Guest Post: The Condensed History of Surfing and Other Water Sports

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About 71% of the world is covered in water. It is the elemental and essential constituent of life, which is reflected in humans themselves as pretty much 50% to 70% of our bodies consist of H2O alone. It is therefore far from strange that we are so fascinated with this element – the vast blue horizons and angry rivers that cut through the countryside. Humans are naturally inclined to enjoy water-related activities, and throughout their existence, civilization has given birth to numerous water sports – some of which are prominent while others have been altered or buried by the sands of time. If you are eager to learn about this topic, here is the condensed history of water sports.

Before history

When talking about the early history of water sports, one is at a loss of specific dates and precise information. Water-related activities have been an integral part of our existence since homo sapiens has come into being and even long before. Still, if you were hell bent to pinpoint at least some specific facts about the nature of water sports as we know them today, you would find out that they came to us from beyond the glistening horizon of the Pacific. Faraway and exotic islands where the climate is always hot, and the water is always just the right temperature.

Aquatic activities gave birth to disciplines

The sea-faring people of Polynesia have typically spent most of their lives immersed in the pristine, crystal shallows and deep of the azure ocean, and their way of life was more connected to this element than that of the average continental human. Because of this lifestyle, it was inescapable that they would invent fun aquatic activities which would spread and become a widely accepted part of our global culture. Surfing, as it is known to the modern man, has allowed us to harness the power of the waves in order to show prowess, agility and finesse.

Of course, this was not the only way to prove agility and endurance – pearl diving was also a widely practiced activity among the people of the Pacific islands. The danger of plunging into the depths from a cliff and holding breath among the seaweed as they searched for the pearl only made the entire activity more exciting due to the promise of a shiny reward at the end.

The major breakthrough in the 17thcentury

The rest of the world might not have found out about these activities if, in the 17thcentury, the British maritime fleet did not explore the Pacific islands extensively. On the epic coastlines of Hawaii and Tahiti, the European explorers came across the native residents who enjoyed their favorite pastime, which was later named surfing.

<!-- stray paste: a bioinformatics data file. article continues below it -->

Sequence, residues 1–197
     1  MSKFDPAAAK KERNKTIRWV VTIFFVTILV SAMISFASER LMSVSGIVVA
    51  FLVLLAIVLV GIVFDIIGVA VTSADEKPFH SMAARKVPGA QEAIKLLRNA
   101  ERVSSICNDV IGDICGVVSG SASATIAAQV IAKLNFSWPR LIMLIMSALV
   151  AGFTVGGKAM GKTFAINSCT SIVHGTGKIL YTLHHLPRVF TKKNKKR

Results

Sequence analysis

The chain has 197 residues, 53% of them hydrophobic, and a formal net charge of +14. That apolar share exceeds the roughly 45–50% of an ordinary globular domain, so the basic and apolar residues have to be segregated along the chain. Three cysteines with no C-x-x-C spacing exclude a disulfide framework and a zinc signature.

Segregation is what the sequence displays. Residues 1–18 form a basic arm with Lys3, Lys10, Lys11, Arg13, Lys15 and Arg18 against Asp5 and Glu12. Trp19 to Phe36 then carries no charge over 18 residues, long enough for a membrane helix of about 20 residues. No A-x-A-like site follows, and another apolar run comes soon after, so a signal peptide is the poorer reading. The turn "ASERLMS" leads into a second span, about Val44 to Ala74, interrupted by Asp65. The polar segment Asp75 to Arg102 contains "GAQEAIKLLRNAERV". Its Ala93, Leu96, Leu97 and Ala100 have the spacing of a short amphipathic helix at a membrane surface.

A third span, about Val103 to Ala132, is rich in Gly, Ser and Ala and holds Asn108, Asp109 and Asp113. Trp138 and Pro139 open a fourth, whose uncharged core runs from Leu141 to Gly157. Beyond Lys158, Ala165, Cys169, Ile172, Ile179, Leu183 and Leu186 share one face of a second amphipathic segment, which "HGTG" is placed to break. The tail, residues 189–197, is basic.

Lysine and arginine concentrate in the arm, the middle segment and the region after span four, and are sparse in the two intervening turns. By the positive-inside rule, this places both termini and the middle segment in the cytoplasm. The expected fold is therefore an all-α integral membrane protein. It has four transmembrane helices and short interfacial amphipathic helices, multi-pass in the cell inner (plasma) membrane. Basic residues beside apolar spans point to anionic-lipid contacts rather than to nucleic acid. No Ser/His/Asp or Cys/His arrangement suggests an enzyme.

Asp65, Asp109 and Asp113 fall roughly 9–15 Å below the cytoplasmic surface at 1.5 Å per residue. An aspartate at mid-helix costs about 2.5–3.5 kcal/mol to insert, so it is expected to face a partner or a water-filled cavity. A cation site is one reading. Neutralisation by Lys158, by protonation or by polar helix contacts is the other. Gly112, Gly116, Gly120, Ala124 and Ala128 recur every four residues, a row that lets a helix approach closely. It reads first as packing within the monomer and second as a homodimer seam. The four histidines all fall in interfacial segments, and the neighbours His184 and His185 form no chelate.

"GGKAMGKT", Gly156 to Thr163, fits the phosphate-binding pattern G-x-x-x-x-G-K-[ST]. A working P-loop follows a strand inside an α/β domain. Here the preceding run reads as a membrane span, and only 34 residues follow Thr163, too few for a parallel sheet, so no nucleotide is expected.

Water sports expand

Even famous writers such as Mark Twain and Jack London tried their luck at this sport during their time – and their renown actually helped the popularity of these activities (though Mark Twain was rather unsuccessful at his attempts). The turning point for surfing came in 1912, when George Freeth and Duke Paoa Kahanamoku surfed on the shores of California, thus instigating this state’s fascination with the activity. This was also a year when Tommy Walker became an expert rider in Sydney, and the sport subsequently expanded across Australia.

Just like all other sports, the rules and regulations became refined, detailed and the boards themselves morphed and changed to satisfy the ever-increasing list of standards. You can just take a look at the extensive options and features of Firewire surfboards in order to see how this cult of surfing has evolved. While this may sound like the relentless trend that takes all joy out of the activity, but the essential drive of those that practice it has remained the same – the blood-pumping rush of taming the symbol of the angry Mother Nature embodied in a wave and applying one’s own skill and discipline to achieve this.

On the other hand, the discipline of swimming was part of the Olympicssince 1896, and it perfectly paralleled the development of a swimming pool according to athletic standards. It was won by Alfréd Hajós of Hungary, in Athens. Water polo originated in England as far back as 1870, and it took several decades for the rest of the world to catch up. It became a part of the Olympics in 1900. Interestingly enough, women did not compete in water polo for a whole century – this particular glass ceiling was smashed in 2000. Snorkeling and deep diving, just like surfing and pearl diving, has mostly been relegated to ‘worldly’ disciplines practiced by the populace all around the globe according to no particular set of rules.

Once you take a broad look at the history of water sports, it becomes absolutely clear that human beings view this element as something more than a necessary part of their nutrition and biological makeup. It’s also a source of fun, the environment that transports them to the realm of playful abandon and imagination. As soon as you immerse yourself into the big body of water, you become connected with something primordial within you, and a very specific side of this elemental human nature as well: While our deeply rooted passions and drives can be dark and violent, water appears to connect us to the positive flipside of this nature – which is perfectly reflected in simple yet profound nature of water sports.

About the Author:

Diana Smith is a full time mom of two beautiful girls interested in topics related to home improvement, DIY and interior design. In her free time she enjoys reading and preparing healthy meals for her family.

Twitter: https://twitter.com/DianaSmith82;
E-mail: dianasmith.dany@gmail.com; G+: https://plus.google.com/u/0/116091795770131287107/posts

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